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From Ate Douma <...@douma.nu>
Subject Re: Fwd: commons-logging unsuited for cross-context webapplication invocation usage - migrating to slf4j?
Date Fri, 24 Apr 2009 00:09:33 GMT
Hi all,

Thanks to Dennis for bringing this to my attention :)

Sorry for chiming in so late but I wasn't subscribed to the list and unaware of the discussion
going on about our migration to slf4j at 
Pluto, Jetspeed-2, and in time probably all our Apache Portals projects.

I just read through the whole of this thread and noticed a lot of speculation and misinterpretation
of the real reason why we choose to 
migrate away from CL.

Let me first try to describe in a nutshell what IMO is the core of our problem with CL.

Consider class A and B, where A has a usage/reference to class B.
Class B has a statically defined CL Log, e.g. like: private static final Log log = LogFactory.getLog(B.class);

Class A is being invoked, such that class B is pulled into usage for the first time.
The ClassLoader of class A will be used to load class B, and because of the static Log definition,
the same ClassLoader will be used for 
accessing and invoking LogFactory.getLog().
Then, LogFactory will determine the actual logger implementation using the current ContextClassLoader.
If *within* that ContextClassLoader a 
commons-logging.properties resource is defined, it will use it to lookup the implementation
class and then load that class also using the 
ContextClassLoader.

The common use-case here is that the ContextClassLoader and the Classloader of class A/B are
actually the same, so everything goes as 
expected and the loaded logging configuration will match the intended usage of the developer
defining it.

However, if the ContextClassLoader is *not* the same as the ClassLoader of class A/B, this
all breaks down terribly.

To make this concrete, I'll describe the actually issue as I encountered it with Pluto (albeit
a little bit simplified/abbreviated).

The portletcontainer (jar), which resides within the WEB-INF/lib of the Pluto web application,
contains the classes PortletRequest (A) and 
PortletPreferences (B), with PortletPreferences defining a private static Log log = LogFactory.getLog(PortletPreferences.class).
A different web application, e.g. a portlet application "test" also uses CL, and provides
a class TestPortlet within its own WEB-INF/classes.

When Pluto needs to "aggregate" the content of this TestPortlet, it invokes it render(PortletRequest,
PortletResponse) method using a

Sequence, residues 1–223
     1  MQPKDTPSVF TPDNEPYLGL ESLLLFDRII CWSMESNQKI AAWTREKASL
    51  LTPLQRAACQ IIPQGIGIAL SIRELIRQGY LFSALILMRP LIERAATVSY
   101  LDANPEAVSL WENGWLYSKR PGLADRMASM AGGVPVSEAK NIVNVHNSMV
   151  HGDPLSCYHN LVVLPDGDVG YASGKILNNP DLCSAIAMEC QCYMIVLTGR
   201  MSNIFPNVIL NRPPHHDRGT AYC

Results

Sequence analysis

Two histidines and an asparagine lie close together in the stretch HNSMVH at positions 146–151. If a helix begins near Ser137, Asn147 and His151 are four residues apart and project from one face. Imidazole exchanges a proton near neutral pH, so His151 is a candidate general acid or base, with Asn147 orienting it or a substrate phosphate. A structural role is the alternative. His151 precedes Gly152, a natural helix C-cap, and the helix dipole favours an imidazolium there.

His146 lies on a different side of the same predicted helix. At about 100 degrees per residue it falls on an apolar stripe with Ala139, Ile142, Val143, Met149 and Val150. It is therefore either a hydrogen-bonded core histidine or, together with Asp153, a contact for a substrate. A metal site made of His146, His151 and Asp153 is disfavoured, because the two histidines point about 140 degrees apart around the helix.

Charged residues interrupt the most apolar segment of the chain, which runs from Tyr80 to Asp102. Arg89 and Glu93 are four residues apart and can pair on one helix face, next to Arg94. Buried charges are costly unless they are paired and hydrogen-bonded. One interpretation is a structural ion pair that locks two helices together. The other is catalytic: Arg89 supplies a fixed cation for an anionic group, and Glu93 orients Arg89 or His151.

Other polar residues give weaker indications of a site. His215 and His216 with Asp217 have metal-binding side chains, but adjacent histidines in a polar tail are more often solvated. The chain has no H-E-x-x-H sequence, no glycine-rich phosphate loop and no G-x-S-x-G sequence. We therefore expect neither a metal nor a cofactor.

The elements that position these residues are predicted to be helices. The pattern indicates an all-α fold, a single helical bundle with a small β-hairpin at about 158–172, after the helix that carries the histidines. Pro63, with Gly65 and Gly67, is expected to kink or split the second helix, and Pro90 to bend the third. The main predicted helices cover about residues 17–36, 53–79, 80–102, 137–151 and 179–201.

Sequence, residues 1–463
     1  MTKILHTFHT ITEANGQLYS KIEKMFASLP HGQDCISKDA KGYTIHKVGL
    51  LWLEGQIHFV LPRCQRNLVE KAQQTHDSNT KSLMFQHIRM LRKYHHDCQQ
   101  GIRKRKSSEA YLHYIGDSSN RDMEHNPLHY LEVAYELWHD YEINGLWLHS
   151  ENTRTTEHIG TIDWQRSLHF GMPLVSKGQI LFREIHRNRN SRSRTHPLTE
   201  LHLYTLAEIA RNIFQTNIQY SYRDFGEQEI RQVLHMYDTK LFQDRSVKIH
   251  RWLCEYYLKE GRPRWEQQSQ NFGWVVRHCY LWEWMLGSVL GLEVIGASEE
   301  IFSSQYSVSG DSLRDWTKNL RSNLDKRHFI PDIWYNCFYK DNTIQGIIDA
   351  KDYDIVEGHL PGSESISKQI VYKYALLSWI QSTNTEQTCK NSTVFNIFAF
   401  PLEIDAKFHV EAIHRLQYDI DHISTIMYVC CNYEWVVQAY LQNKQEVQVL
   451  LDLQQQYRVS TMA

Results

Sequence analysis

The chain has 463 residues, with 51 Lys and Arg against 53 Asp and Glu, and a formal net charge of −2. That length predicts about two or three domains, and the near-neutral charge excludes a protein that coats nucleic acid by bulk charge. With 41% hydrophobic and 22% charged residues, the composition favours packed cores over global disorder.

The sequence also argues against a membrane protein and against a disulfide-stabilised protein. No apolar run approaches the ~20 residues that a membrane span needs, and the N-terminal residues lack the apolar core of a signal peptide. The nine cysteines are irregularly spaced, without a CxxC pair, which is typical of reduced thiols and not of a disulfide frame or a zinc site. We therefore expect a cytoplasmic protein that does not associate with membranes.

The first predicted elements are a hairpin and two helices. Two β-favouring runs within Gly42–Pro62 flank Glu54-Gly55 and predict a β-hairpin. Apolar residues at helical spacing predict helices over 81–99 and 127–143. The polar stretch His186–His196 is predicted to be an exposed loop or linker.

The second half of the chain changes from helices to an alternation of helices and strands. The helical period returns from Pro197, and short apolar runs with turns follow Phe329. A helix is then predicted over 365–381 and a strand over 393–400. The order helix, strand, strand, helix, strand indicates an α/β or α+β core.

"cross-context" call from the Pluto web application to the "test" web application.
The TestPortlet.render method receives the PortletRequest object (as loaded from the Pluto
WEB-INF/lib) and invokes its 
PortletRequest.getPortletPreferences() method. If the PortletPreferences class hasn't been
accessed yet before, this will cause the 
ClassLoader of PortletRequest, being the Pluto webapp ClassLoader, to now load the PortletPreferences
class.
But, because the current ContextClassLoader is the "test" webapp ClassLoader, LogFactory will
lookup the logger implementation from the 
"test" webapp...
With as result that logging output for the PortletPreferences class will end up in the target
as specified by the "test" webapp, not in the 
one (as expected) as configured for the Pluto webapp.

As should hopefully be clear from the above, this problem really has *nothing* to do with
the Portlet spec in itself, or how Pluto is 
implementing it.

IMO, the "natural" and expected result of a static initialization like a Log definition is
that its configuration and behavior is tied to 
the class defining it, for which it should (by default) use the same ClassLoader.

Any application using multiple ClassLoaders can be "hit" by this same issue, and although
portals *by nature* rely heavily upon 
"cross-context" web/portlet application interaction (which actually is described in the portlet
spec), that is not limited to portals only.
Although not a formal servlet spec feature, all Java web servers support cross-context web
application invocation nowadays and already long 
before the portlet spec was defined. And it is used for far more purposes than portals only.

The only possible workaround I could come up with was extending LogFactory itself and temporarily
switching/enforcing the current 
ContextClassLoader to that of the class itself, but obviously we didn't even consider that
as a real option.

I hope the above now better explains why we had to migrate away from CL.
If not, I'll be happy to further elaborate on this of course.

With kind regards,

Ate


Ralph Goers wrote:
> FWIW - I subscribe to this list so I saw the message but have not 
> participated in the discussion.
> 
> This just adds to my concern with respect to what to do with commons 
> logging.
> 
> Ralph
> 
> Begin forwarded message:
> 
>> From: Eric Dalquist <eric.dalquist@doit.wisc.edu>
>> Date: April 20, 2009 1:47:42 PM PDT
>> To: pluto-dev@portals.apache.org
>> Subject: Re: commons-logging unsuited for cross-context webapplication 
>> invocation usage - migrating to slf4j?
>> Reply-To: pluto-dev@portals.apache.org
>> Reply-To: pluto-dev@portals.apache.org
>>
>> +1 to SLF4J several Jasig projects are also looking at it as an 
>> alternative to JCL.
>>
>> -Eric
>>
>> Ate Douma wrote:
>>> Pluto community,
>>>
>>> I'd like to ask your intention for issue PLUTO-553:
>>>
>>>  http://issues.apache.org/jira/browse/PLUTO-553
>>>
>>> Detailed information about this blocking issue can be found at above 
>>> JIRA page.
>>> As I have described there, if nobody objects I intend to commit the 
>>> migration to sfl4j soon.
>>> Any comments/feedback of further discussion is of course welcome.
>>>
>>> Regards,
>>>
>>> Ate
> 
> 


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